Mephedrone & Methylone
Mephedrone is also known as ‘drone,’ ‘miaow’ or ‘bubbles.’ Coming from a class of drugs known as ‘cathinones,’ it is a stimulant with psychoactive properties.
Mephedrone’s rising popularity, along with increasing media attention, has made it the most talked about drug over the last few months. Its recent prevalence could be associated with the decrease in purity and availability of other recreational drugs such as MDMA (ecstasy) and cocaine. Its effects have been noted as similar to both of these drugs, combining induced feelings of happiness with an ability to stay awake and dance or be sociable.
Like other white powder substances, mephedrone is usually ingested in ‘bombs’ (small hand made packages often made with tobacco rolling paper) or snorted like cocaine. Snorting mephedrone can be very damaging to the inside of the nose and if notes and straws are shared there is a risk of contacting blood-borne viruses like hepatitis.
Many reports of mephedrone use have involved compulsive re-dosing or ‘boosting’ as the user attempts to keep topped up and put off the associated ‘come down’ - often presented as feelings of anxiety and sleeplessness. Such patterns of compulsive use have quietened initial claims that mephedrone was a non-addictive alternative to other recreational euphoric stimulants.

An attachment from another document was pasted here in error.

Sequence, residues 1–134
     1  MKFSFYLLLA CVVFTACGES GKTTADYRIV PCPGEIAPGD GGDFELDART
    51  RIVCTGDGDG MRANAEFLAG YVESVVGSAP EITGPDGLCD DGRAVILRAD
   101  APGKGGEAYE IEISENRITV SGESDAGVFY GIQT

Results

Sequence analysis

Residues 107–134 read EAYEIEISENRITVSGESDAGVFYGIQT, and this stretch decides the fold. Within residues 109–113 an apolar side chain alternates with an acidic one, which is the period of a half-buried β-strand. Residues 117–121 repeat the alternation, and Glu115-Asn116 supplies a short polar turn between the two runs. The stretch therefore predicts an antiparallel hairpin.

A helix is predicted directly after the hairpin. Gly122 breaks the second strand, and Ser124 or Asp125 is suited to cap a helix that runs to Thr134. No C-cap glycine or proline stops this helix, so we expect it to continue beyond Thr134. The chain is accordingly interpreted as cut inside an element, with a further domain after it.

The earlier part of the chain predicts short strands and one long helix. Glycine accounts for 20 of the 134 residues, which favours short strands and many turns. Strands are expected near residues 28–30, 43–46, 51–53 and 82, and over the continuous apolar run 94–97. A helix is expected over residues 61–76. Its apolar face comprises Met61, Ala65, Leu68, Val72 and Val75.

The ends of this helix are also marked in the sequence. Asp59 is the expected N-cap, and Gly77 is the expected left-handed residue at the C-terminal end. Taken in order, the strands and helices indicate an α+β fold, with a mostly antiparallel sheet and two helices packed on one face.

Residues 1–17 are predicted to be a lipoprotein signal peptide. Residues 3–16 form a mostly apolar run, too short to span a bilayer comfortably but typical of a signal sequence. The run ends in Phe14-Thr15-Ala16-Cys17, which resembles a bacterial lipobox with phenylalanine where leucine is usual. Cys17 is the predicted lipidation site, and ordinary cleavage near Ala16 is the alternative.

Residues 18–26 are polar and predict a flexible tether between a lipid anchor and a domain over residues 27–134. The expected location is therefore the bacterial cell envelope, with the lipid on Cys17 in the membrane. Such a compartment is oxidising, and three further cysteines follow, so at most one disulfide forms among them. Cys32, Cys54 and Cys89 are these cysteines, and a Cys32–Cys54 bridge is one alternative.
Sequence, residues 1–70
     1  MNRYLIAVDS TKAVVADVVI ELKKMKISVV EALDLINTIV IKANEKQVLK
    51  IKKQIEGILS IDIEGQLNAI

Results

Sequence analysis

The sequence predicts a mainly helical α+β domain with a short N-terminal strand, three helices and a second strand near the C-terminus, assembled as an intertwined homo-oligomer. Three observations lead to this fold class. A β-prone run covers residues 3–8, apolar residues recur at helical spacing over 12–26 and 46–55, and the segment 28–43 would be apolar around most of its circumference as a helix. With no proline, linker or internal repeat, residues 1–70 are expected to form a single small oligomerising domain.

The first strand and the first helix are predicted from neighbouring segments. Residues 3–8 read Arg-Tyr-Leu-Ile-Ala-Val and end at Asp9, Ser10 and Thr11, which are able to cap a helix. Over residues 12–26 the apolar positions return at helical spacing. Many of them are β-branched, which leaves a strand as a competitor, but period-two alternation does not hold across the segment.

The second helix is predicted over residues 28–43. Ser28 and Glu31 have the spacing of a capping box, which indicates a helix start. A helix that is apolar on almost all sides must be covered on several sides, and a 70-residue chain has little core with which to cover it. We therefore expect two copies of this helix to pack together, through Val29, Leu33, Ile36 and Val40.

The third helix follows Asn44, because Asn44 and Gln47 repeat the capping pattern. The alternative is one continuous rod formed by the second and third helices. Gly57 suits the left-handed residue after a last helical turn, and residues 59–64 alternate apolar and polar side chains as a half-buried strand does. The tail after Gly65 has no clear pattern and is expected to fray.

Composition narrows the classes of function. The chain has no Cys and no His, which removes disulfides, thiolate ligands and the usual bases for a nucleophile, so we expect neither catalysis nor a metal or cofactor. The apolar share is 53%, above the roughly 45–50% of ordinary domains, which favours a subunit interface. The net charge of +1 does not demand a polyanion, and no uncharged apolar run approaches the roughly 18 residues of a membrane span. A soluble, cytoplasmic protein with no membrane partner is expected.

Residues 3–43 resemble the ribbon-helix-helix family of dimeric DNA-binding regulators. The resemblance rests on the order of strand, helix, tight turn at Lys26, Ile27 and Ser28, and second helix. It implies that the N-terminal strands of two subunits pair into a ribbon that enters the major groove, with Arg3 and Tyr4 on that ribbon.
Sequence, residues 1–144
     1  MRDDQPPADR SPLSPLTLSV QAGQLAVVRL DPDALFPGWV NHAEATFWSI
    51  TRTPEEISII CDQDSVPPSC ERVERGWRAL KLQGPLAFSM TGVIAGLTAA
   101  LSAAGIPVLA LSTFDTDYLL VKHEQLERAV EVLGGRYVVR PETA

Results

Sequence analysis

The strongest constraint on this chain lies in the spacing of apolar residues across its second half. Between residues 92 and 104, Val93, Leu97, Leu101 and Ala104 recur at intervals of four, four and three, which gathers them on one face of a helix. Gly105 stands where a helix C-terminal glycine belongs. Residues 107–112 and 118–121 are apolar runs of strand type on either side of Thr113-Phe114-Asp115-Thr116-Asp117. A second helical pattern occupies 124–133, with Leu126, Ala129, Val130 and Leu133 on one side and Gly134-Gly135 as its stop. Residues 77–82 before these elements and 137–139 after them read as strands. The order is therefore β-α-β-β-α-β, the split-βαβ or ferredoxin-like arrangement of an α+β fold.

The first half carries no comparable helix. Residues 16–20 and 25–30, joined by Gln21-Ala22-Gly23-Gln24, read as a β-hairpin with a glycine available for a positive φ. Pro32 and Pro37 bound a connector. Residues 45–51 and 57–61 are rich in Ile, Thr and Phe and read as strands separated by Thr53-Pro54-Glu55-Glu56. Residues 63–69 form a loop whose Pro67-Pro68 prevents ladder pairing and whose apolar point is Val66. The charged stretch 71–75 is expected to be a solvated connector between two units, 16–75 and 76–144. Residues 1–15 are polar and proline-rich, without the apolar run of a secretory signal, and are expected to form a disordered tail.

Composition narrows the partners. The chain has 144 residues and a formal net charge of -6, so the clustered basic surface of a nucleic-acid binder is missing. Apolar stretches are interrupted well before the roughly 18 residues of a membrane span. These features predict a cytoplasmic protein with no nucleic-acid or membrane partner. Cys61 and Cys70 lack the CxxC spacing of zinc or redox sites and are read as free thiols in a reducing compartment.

Mephedrone was classified as a Class B drug under the Misuse of Drugs Act 1971 in April 2010. Production, possession and supply are illegal under UK law. Possession offences can result in up to 5 years' imprisonment and a fine, and supply offences up to 14 years' imprisonment and a fine.
Please see our UK Law section for more information.
Although was it was only recently made illegal, mephedrone is a powerful drug. As with other relatively new and under-researched substances such as methedrone and methylone, information on exact physiological and psychological short and long-term effects, along with any harm reduction advice, can tend to be anecdotal and speculative.
If you have ever taken Mephedrone, the Independent Scientific Committee on Drugs would like you to take this Survey. It is completely anonymous and no personal data is collected.
Free, confidential information and advice is available by calling the Release Drugs Helpline on 0845 45 00 215